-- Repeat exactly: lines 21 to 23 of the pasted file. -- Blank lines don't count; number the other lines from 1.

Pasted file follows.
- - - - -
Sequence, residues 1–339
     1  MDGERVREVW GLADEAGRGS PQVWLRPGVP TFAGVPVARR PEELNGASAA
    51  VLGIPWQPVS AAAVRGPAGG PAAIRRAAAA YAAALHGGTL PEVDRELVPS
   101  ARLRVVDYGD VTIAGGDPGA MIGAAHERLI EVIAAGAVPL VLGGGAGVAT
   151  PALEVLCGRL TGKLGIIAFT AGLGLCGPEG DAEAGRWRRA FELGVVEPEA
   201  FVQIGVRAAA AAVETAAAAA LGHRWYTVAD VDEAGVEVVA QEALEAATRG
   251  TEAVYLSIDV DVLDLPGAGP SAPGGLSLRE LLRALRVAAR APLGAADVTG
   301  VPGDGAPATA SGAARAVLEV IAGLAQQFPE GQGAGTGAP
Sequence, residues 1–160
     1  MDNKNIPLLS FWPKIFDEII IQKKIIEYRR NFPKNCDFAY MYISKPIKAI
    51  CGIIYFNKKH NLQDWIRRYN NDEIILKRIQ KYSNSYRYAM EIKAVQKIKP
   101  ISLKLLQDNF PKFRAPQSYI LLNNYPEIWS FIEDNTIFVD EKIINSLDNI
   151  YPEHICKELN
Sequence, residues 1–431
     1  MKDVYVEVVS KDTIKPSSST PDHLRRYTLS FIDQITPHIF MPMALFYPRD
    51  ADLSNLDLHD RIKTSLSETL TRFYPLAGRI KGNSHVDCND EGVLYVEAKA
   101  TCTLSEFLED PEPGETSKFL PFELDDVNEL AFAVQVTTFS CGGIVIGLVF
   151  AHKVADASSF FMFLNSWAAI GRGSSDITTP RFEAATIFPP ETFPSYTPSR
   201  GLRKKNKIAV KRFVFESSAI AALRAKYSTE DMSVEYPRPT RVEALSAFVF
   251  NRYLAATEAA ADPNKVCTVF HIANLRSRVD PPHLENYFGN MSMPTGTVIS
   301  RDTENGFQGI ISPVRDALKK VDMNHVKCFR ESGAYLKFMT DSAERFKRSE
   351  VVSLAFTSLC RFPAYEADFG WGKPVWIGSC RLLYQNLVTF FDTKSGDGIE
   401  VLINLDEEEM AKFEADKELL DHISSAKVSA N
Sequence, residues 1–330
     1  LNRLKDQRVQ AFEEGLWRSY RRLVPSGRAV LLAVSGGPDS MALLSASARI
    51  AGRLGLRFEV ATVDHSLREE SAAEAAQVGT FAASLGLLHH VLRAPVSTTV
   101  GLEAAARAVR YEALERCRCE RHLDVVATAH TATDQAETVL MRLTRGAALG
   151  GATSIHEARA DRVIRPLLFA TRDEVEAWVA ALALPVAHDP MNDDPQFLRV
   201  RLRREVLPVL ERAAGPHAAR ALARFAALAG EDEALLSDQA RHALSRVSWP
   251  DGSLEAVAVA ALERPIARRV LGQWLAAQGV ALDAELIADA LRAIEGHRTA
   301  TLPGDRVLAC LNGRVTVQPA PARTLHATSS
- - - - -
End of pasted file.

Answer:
   301  RDTENGFQGI ISPVRDALKK VDMNHVKCFR ESGAYLKFMT DSAERFKRSE
   351  VVSLAFTSLC RFPAYEADFG WGKPVWIGSC RLLYQNLVTF FDTKSGDGIE
   401  VLINLDEEEM AKFEADKELL DHISSAKVSA N